Thursday, January 28, 2016

Prime Climb: A beautiful, colorful, mathematical board game

I haven't gotten a chance to play Prime Climb (amazon affiliate link here) yet, but it looks so good that I can't help writing a post about it now!  It's meant for ages 10 and up, but could also be enjoyed  by some younger kids.  From the amazon description:
Prime Climb is a beautiful, colorful, mathematical board game designed for 2 to 4 players. 
Roll the dice and add, subtract, multiply and divide your way to the center of the board, picking up Prime cards and bumping your opponents back to start as you go. The first to land both pawns on 101 wins the game! 
Everyone can learn to multiply and divide using Prime Climb's unique color coding. Inspire deeper mathematical understanding while mastering arithmetic! Prime Climb is a perfect game for families & schools, kids & adults. Awaken your love of math, with Prime Climb!
After looking at a few reviews (such as here and here), a few things stick out to me as being really awesome:

  • Prime Climb uses color to represent prime factorization (if 2 is orange and 3 is green, then 6 is half orange and half green).  For visual learners, this game could really help them understand prime factorization.  Plus it makes it more intuitive for younger kids who aren't yet fluent at multiplication and division.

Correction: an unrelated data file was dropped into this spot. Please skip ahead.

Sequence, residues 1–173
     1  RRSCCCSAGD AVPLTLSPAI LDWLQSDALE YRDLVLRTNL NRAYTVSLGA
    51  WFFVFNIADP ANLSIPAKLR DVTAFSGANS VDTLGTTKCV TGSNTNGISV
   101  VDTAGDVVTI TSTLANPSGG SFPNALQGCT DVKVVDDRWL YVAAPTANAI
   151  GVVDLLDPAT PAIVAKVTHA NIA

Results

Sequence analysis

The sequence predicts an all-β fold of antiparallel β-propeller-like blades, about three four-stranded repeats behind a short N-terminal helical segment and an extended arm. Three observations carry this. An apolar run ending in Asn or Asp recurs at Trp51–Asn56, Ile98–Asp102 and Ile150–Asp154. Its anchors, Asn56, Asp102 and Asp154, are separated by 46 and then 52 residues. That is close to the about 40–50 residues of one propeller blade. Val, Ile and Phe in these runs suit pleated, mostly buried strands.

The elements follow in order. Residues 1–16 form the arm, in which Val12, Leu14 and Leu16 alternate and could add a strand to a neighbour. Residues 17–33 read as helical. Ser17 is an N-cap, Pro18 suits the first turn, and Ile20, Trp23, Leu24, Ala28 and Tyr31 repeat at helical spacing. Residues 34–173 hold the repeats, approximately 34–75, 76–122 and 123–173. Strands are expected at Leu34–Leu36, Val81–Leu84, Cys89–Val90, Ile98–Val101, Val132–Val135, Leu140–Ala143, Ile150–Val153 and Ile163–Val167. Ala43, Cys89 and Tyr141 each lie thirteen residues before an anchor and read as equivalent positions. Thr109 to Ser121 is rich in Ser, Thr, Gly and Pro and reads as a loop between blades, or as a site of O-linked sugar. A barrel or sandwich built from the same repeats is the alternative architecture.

• To move around the board, players role two 10-sided dice, and each of the results can be added, subtracted, multiplied or divided against the number either of their pawns currently occupies.  So there are lots of possibilities to consider on every turn... like the game 24 (amazon affiliate link here).
  • If you land on a prime, you get a special prime card. 
  • The game is very adaptable... you could limit the allowable operations to make it accessible for younger kids, play as solitaire, use only one pawn per person, etc.   
Prime Climb was made by Math For Love, and their website is definitely worth a visit (especially if you live near Seattle - they have weekend classes, host an annual Julia Robinson Mathematics Festival, and do professional development workshops).  The game came out of a successful Kickstarter campaign, and has since won many awards.

Clicking image leads to an Amazon affiliate link

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